Google Rebranding Android Market, Google Music as Google Play

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Amazon may have a small update to its Appstore available today, but that’s nothing compared to the changes Google just announced for the Android Market. As part of a concerted effort to unite its digital distribution systems under one new cloud-based umbrella, Google is taking the Google eBookstore, Google Music, and the Android Market and rebranding them all as parts of Google Play, the company’s new “digital entertainment destination”.

Google Play doesn’t sound that different from what Google’s already been doing, but it does provide a convenient face for all these disparate services. In the coming days, you’ll see Google start pushing this new identity out to its apps in the form of new updates, turning the Android Market into the Google Play Store, Google Books into Google Play Books, and so forth.

Play represents Google re-dedicating itself to cloud-based services. We’ve seen moves to that end over the past year, like the debut of Google Music, and despite that service failing to really take-off, bringing it under the wing of Google Play shows that Google won’t be giving up on it anytime soon.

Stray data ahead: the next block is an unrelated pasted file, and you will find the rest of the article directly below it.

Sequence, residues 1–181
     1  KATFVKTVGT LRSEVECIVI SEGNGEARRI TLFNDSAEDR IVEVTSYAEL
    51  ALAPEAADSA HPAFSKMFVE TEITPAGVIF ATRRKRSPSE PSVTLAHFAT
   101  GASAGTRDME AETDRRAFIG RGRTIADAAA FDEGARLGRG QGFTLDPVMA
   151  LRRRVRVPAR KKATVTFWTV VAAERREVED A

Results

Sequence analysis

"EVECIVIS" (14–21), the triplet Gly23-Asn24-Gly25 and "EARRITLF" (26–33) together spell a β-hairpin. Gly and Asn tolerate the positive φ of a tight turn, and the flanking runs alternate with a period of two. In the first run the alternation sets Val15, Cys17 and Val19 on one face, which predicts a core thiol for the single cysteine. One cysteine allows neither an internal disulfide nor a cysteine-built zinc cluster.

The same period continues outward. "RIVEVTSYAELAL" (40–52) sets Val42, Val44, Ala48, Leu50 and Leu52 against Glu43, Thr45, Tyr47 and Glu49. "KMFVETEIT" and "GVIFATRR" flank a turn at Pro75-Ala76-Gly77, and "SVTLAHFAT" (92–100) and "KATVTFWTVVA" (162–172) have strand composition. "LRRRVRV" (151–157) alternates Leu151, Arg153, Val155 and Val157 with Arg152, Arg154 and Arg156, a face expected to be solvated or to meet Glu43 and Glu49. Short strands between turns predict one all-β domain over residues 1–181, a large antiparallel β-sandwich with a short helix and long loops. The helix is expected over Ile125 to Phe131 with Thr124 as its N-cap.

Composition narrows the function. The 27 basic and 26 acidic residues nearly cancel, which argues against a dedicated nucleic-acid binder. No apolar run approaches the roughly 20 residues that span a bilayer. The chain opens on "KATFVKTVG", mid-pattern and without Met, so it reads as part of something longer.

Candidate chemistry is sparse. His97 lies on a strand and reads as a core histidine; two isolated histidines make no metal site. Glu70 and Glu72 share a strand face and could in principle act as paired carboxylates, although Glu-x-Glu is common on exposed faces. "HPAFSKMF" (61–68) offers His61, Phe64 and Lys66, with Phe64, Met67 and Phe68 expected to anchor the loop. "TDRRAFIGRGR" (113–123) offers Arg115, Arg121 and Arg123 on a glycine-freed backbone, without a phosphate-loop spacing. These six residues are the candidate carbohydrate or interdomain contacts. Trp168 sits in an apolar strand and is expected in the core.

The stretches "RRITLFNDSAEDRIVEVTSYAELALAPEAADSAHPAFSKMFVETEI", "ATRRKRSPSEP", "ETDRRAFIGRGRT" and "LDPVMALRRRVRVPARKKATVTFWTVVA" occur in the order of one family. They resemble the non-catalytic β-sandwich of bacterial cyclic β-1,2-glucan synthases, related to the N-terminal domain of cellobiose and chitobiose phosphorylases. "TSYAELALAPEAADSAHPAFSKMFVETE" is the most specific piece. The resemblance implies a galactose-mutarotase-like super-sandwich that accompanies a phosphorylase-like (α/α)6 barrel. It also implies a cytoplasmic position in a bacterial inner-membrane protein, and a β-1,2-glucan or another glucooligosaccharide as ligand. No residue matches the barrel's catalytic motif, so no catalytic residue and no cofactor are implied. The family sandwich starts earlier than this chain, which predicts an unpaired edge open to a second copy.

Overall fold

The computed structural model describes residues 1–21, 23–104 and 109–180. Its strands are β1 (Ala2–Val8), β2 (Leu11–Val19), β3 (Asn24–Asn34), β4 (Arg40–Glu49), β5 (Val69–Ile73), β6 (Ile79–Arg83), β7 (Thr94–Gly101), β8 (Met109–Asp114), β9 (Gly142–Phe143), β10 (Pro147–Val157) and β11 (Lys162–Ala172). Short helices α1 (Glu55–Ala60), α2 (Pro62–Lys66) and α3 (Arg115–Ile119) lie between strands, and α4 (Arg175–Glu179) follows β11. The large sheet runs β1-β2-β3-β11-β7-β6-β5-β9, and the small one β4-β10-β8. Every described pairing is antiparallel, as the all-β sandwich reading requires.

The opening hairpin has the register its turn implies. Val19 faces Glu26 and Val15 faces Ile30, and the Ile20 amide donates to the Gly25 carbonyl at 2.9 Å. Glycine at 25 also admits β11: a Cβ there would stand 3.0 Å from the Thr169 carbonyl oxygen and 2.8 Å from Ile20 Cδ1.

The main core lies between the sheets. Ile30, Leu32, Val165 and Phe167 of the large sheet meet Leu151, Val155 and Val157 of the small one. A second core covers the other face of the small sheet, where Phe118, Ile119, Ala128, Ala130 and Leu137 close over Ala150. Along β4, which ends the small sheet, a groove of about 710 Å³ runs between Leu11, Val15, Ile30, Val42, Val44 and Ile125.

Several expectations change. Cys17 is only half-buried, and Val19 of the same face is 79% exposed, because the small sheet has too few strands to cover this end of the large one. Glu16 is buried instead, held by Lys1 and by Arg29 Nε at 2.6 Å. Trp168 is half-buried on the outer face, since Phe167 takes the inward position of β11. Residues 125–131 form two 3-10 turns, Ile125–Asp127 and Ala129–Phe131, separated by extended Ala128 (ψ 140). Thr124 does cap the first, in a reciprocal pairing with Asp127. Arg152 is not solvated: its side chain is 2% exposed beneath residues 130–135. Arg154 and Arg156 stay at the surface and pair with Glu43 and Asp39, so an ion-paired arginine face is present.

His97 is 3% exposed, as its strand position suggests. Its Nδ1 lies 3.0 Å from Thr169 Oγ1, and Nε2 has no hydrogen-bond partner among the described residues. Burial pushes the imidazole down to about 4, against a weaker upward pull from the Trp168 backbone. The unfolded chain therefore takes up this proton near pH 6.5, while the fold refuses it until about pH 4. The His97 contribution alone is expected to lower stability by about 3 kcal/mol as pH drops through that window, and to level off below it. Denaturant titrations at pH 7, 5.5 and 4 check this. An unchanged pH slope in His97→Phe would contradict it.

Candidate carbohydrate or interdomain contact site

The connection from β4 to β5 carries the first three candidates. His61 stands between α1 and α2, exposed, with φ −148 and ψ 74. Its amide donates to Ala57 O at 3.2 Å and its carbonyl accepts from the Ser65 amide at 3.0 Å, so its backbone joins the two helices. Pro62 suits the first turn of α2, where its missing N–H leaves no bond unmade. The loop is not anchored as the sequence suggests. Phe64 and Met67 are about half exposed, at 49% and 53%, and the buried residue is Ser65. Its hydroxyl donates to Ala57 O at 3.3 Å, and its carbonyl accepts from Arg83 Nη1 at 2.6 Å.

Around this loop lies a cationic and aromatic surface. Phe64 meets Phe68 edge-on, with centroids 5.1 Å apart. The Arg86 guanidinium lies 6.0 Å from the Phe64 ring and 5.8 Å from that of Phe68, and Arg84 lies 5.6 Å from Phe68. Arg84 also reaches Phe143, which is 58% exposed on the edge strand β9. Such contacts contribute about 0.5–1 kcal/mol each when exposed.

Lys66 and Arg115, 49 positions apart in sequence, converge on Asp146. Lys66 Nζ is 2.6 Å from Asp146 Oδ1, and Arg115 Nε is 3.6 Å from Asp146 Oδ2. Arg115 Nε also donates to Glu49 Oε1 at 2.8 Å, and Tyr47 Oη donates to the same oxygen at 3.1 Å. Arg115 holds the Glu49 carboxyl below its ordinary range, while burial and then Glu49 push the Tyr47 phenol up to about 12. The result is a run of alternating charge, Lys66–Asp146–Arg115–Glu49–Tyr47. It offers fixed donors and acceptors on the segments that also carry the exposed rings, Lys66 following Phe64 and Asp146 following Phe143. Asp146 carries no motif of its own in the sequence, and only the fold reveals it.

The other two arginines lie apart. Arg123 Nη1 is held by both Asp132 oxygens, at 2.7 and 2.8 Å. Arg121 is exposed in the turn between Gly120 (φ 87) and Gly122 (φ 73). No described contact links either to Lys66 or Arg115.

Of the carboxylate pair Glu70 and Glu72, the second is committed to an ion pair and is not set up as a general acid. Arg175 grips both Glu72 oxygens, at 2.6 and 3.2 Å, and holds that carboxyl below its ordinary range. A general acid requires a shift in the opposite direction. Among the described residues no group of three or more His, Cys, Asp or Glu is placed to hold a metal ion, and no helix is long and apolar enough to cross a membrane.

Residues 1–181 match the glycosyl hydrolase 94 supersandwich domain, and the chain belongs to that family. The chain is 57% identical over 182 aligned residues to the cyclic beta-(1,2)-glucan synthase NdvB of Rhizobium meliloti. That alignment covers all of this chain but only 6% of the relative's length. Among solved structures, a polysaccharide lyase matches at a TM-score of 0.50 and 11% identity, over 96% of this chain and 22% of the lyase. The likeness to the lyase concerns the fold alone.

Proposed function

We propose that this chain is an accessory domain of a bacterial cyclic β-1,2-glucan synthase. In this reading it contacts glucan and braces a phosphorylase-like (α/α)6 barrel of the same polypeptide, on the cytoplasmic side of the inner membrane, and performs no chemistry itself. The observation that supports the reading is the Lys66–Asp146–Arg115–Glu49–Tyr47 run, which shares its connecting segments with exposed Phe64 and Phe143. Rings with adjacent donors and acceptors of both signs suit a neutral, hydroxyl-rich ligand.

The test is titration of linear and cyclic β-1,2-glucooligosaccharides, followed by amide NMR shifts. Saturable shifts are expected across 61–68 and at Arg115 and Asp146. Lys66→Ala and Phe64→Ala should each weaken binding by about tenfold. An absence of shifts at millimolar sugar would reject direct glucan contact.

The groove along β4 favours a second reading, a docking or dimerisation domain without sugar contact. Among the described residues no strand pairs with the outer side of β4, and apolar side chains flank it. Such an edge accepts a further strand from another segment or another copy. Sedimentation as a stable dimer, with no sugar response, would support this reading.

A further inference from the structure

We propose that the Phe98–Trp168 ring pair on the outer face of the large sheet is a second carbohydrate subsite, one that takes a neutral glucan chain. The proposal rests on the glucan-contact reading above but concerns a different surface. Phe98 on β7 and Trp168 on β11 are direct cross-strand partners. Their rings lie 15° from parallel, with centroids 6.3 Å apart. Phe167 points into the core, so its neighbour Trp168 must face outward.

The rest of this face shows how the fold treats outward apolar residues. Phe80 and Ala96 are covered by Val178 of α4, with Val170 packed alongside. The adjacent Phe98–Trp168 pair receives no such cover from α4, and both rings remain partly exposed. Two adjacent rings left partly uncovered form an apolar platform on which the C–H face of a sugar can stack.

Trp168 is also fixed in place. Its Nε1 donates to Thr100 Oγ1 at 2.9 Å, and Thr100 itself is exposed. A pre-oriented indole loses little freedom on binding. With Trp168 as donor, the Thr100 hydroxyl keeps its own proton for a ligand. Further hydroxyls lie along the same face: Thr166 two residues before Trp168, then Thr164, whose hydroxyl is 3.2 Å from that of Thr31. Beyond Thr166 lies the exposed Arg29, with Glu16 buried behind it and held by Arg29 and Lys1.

Google Play isn’t bringing any new services to users who didn’t previously have them – if you couldn’t rent movies in the past, this won’t change anything – at least not straight away. As Google starts to roll-out the individual app updates making up Play, it has a week’s worth of promotions being offered. Until this time next week, there will be a new app, book, album, and movie deal every day; check them out while you can.

Source: Google

Via: BGR

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About The Author
Stephen Schenck
Stephen has been writing about electronics since 2008, which only serves to frustrate him that he waited so long to combine his love of gadgets and his degree in writing. In his spare time, he collects console and arcade game hardware, is a motorcycle enthusiast, and enjoys trapping blue crabs. Stephen's first mobile device was a 624 MHz Dell Axim X30, which he's convinced is still a viable platform. Stephen longs for a market where phones are sold independently of service, and bandwidth is cheap and plentiful; he's not holding his breath. In the meantime, he devours smartphone news and tries to sort out the juicy bitsRead more about Stephen Schenck!